A look back on Tudor Ireland’s complex relationship with England
This is an online only event hosted on the British Library platform. Bookers will be sent a viewing link shortly before the event and will be able to watch at any time for 48 hours after the start time.
This event will be live captioned.
The 16th century brought profound change to Ireland as the Tudor monarchs strove to complete the conquest begun some 400 years previously using a combination of social and cultural assimilation, military force and colonisation by Protestant English settlers.
Join our panel of experts as they look back on Tudor Ireland’s complex relationship with England, exploring Ireland before the accession of Elizabeth I in 1558, the impact her reign had for her ‘unwelcome inheritance’ and the legacy of these conflicted and troubled times.
Professor Susan Doran is Professor of Early Modern British History at the University of Oxford and Senior Research Fellow at Jesus College and St Benet’s Hall, Oxford. She has written numerous books, including Mary Queen of Scots, An Illustrated Life and Elizabeth I and Her Circle. She has edited a number of exhibition catalogues for the British Library including the one accompanying the exhibition, Elizabeth and Mary: Royal Cousin, Rival Queens.
Brendan Kane is Professor in the Departments of History and Literatures, Cultures and Languages at the University of Connecticut. His research focuses on Irish-English relations in the early modern period, particularly as revealed through the Irish-language archive. His publications include the co-edited collection Elizabeth I and Ireland and The Politics and Culture of Honour in Britain and Ireland, 1541-1641. Currently he serves as Vice-President/President-elect of the Celtic Studies Association of North America, an elected Council Member of the North American Conference on British Studies, and is founding co-director of Léamh.org: Learn Early Modern Irish (c. 1200-1650). .
Professor Sparky Booker is a historian of law, culture and society in late medieval Ireland. She is an Assistant Professor in history at the School of History and Geography at Dublin City University. Sparky has published on many aspects of late medieval Irish history and is the author of Cultural Exchange and Identity in Late Medieval Ireland: the English and Irish of the Four Obedient Shires.This monograph was awarded the James S. Donnelly Prize and Donald Murphy Prize from the American Conference for Irish Studies in 2019. She is on the committee of the Friends of Medieval Dublin and the Irish Legal History Society.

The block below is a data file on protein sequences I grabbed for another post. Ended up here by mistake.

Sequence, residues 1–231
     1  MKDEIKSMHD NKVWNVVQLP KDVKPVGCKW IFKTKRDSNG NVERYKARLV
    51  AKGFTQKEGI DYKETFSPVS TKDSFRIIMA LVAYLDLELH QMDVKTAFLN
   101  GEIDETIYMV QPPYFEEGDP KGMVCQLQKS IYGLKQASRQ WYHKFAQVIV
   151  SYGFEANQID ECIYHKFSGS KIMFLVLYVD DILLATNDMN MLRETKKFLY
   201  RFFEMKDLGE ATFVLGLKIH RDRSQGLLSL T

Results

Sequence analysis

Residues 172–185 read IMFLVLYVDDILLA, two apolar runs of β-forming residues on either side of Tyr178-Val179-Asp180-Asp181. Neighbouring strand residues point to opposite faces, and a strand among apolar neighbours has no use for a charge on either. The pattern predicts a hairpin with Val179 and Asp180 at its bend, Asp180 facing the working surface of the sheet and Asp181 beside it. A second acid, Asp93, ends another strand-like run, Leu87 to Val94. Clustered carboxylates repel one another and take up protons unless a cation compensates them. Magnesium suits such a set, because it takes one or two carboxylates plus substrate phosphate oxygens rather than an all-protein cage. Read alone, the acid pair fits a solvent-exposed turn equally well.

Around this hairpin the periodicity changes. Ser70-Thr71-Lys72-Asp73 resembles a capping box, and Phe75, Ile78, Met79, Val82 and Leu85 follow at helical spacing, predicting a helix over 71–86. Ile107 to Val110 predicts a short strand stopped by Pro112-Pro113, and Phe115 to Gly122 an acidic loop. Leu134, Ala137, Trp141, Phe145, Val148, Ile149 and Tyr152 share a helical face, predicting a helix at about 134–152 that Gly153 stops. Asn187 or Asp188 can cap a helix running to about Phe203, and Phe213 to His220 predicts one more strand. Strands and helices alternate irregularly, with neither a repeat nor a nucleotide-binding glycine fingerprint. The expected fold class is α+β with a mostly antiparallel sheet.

Shafi Musaddique is a journalist covering British and Irish politics, with a focus on race, faith, identity, frontier cultures and marginalised communities. Shafi has worked for the BBC, NBC and The Economist among other publications both in the UK and in mainland Europe. Many of his stories are born from the multiple identities of growing up and living in the London borough of Camden, home to 130 languages, a large Irish contingent among them. Interests include unearthing untold stories, such as the impact of Ireland's uprising against the British on the movement for Indian independence, to cultural crossovers between the Islamic world and Europe.
The British Library is a charity. Your support helps us open up a world of knowledge and inspiration for everyone. Donate today.
Image credit: Hibernia Regnum, vulgò Ireland (Maps.*10805) © British Library Board
|Name:||Ireland and the Tudor State|
British Library St Pancras
|Enquiries:||+44 (0)1937 546546